3. Jesus Christ is styled the Lamb of God, because he was offered up to his Father as a sacrifice for our sins. The offering of sacrifices constituted an important part of the ancient worship. The practice was, probably, of divine origin. Certain it is that it was sanctioned and enjoined by divine authority, under the Mosaick law. The truc and proper notion of a sacrifice for sin appears to be that the victim is substituted in the place of the offender; that his guilt is supposed to be transferred

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to this substitute ; and, that, the slaying of the victim expiates the offence, and prevents the punishment of the transgressor. Hence, we see with what propriety Jesus is called the Lamb of God, or a sacrifice for sin. sumed our nature, stood in our stead, and bore the guilt of our sins. Being thus substituted in our room, he was led a victim to God's altar, and there suffered the punishment due to the sins of bis people. But, by this sacrifice of himseif, he hath for ever perfected them who are sanctified, he hath satisfied divine justice, he hath abolished the guilt and punishment of the transgressors, and restored them into favour as if they had never offended. Of this extraordinary victim, the lambs, and bulls, and goats, formerly offered up in sacrifice, were merely types and figures. Hence, Jesus is called “the Lamb slain from the foun" dation of the world,” that is, not merely appointed unto death in the divine decrees, but slain figuratively, and by representation, in every animal which was presented at the altar. From this offering of infinite value, all former offerings derived their worth and effiсасу. For it was impossible that the blood of bulls and of goats could take away sin, or that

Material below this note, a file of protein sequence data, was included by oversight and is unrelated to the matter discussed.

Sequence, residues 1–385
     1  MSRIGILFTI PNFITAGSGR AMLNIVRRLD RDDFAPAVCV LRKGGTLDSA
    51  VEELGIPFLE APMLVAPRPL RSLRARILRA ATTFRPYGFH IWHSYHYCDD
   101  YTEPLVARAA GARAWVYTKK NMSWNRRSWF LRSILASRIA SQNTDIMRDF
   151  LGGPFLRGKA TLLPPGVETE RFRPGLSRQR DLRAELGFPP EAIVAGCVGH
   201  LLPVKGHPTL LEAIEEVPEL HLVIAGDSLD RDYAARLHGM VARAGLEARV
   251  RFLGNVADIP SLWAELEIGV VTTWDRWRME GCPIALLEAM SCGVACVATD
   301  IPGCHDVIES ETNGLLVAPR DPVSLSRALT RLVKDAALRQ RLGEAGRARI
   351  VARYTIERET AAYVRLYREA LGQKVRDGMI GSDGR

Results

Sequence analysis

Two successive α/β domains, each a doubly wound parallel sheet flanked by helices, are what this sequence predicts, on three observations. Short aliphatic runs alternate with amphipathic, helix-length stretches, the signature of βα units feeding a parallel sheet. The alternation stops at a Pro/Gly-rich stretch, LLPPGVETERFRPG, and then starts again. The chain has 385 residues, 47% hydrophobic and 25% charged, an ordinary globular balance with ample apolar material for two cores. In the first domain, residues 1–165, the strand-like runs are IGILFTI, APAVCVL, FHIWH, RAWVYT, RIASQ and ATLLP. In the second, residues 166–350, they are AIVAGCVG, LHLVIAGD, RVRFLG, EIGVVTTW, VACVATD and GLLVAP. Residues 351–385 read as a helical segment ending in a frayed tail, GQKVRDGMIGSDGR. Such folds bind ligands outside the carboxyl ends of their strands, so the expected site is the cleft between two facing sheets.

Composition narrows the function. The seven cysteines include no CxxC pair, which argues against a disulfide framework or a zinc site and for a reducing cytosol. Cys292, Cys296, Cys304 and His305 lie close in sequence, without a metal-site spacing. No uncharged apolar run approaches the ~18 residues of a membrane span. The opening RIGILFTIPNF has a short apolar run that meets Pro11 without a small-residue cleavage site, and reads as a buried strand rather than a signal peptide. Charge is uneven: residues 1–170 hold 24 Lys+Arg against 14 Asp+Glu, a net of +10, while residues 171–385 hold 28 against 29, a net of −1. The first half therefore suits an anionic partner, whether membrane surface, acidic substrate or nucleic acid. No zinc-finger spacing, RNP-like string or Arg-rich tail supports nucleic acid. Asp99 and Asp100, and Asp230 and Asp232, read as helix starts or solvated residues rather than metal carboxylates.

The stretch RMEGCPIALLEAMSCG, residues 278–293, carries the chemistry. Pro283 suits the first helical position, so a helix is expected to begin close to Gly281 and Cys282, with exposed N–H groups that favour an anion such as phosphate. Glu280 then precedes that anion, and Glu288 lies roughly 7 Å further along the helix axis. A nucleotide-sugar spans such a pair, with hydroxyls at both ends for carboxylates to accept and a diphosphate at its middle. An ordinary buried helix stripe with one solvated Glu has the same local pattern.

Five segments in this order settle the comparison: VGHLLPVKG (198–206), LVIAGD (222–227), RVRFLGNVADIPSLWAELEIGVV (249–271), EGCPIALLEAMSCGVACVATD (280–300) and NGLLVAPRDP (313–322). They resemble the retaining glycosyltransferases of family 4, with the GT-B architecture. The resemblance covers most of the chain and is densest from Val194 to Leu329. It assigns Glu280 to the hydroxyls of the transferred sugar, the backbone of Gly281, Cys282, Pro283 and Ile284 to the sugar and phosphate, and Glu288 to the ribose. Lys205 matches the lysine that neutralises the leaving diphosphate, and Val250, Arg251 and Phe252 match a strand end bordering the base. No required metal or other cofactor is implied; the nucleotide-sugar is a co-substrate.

the ashes of an heifer sprinkled over the unclean could purge the conscience from dead works. These were, merely, ceremonial and emblematical acts which became effectual to the expiation of guilt, in virtue of the divine appointment; and inasmuch as they were a sign of the faith of the offerer, in that true, proper and perfect expiation of sin which, in the fulness of time, was to be accomplished by the Son of God. In the same manner as the bread and wine, in the Holy Sacrament, convey, to those who receive them by faith, all the blessings derived from that death which they represent. Jesus, therefore, is called the Lamb of God, because, through the Eternal Spirit, he offered himself, without spot, unto him.

But though the propriety of this manner of expression be sufficiently evident, when we compare the death of Christ, in our stead, with the vicarious and expiatory nature of the victims which were commonly offered in sacrifice, it will appear still more beautiful if we consider it as alluding, more particularly, to the paschal lamb sacrificed at the feast of the passover; when the Israelites were delivered from Egyptian bondage, and a signal instance of the divine mercy was exhibited in the com